almost spring

The view from the front sidewalk, with yellow deerweed, violet gilia, pink arctotis, red aloe.
The view from the front sidewalk, with yellow deerweed, violet gilia, pink arctotis, red aloe.

With several days above 80 degrees this week, it’s feeling like spring. And surveying the garden, it’s looking like spring too.

With rain come the weeds. Everywhere.
With rain come the weeds. Everywhere.
Lest any of you in the lands of blizzards and crazy snowfall think I’m gloating, let me show you one of the many weed patches around the garden. Yes we have lots of spring flowers already. But we also have lots of zones around that look like this. But enough of this unpleasantness. On to some flowers!

Agave attenuata bloom spike that landed on the aloe
Agave attenuata bloom spike that landed on the aloe

The first things anyone walking up to the house will notice are the two ginormous flowering spikes of the Agave attenuata. They’re a pretty common plant around town, but their seven or eight foot flowering spikes from November to February or March cannot fail to impress. If the blooms were coral pink or violet you almost might call the plant gaudy, but they’re a quiet icy greenish-white. Gaudy, but in a subtle way.

Closer view of the end of one of the agave bloom spikes.
Closer view of the end of one of the agave bloom spikes.

An apricot-gold selection of chuparosa, a plant that's usually scarlet red
An apricot-gold selection of chuparosa, a plant that’s usually scarlet red
The number of California native plants in the garden keeps growing. Their two most common spring flower colors seem to be bright yellow and lavender, a combination that can stand my teeth on edge, so I tried to tone down the clashes with some plants with in-between shades of bloom. Apricot is a great peace-maker color, and I’ve used a golden chuparosa, Justicia californica ‘Tecate Gold’ and apricot mallow, Abutilon palmeri.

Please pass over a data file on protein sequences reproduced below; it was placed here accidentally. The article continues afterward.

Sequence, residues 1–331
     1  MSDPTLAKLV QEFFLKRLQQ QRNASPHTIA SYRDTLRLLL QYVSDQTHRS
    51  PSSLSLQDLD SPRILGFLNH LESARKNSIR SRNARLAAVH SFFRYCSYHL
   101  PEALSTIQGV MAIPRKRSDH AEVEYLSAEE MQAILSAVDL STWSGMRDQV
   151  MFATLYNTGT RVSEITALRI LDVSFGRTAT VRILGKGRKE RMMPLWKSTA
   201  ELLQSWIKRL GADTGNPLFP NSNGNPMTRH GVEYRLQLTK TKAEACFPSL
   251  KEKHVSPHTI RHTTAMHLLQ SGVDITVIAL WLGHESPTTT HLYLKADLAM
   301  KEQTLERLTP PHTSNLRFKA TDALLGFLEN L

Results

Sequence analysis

Mellow apricot-yellow tones of desert mallow  coexist with lavender-flowered plants, like Salvia 'Bee's Bliss' here in the background
Mellow apricot-yellow tones of desert mallow coexist with lavender-flowered plants, like Salvia ‘Bee’s Bliss’ here in the background

But still, there’s lots of yellow around: Bladderpod (Peritoma/Isomeris/Cleome arborea), our local coastal coreopsis (Leptosyne maritima), plus aeoniums from the Azores or Africa.

Leptosyne (Coreopsis) maritima
Leptosyne (Coreopsis) maritima
Peritoma arborea
Peritoma arborea
Aeonium from the Azores, also representing yellow
Aeonium from the eastern Atlantic, also representing yellow

And there’s plenty in the lavender category: the very first (and really early) flower of Salvia ‘Winifred Gilman’, the prolific prostrate black sage (Salvia mellifera repens), “blue” dicks (Dichelostemma capitatum) and blue-eyed grass (Sisyrinchium bellum) that reseeds itself at the edge of the veggie garden.

First blooms on Salvia winifred Gilman
First blooms on Salvia winifred Gilman
The rambunctious black sage
The rambunctious black sage
Blue dicks, looking pretty lavender to me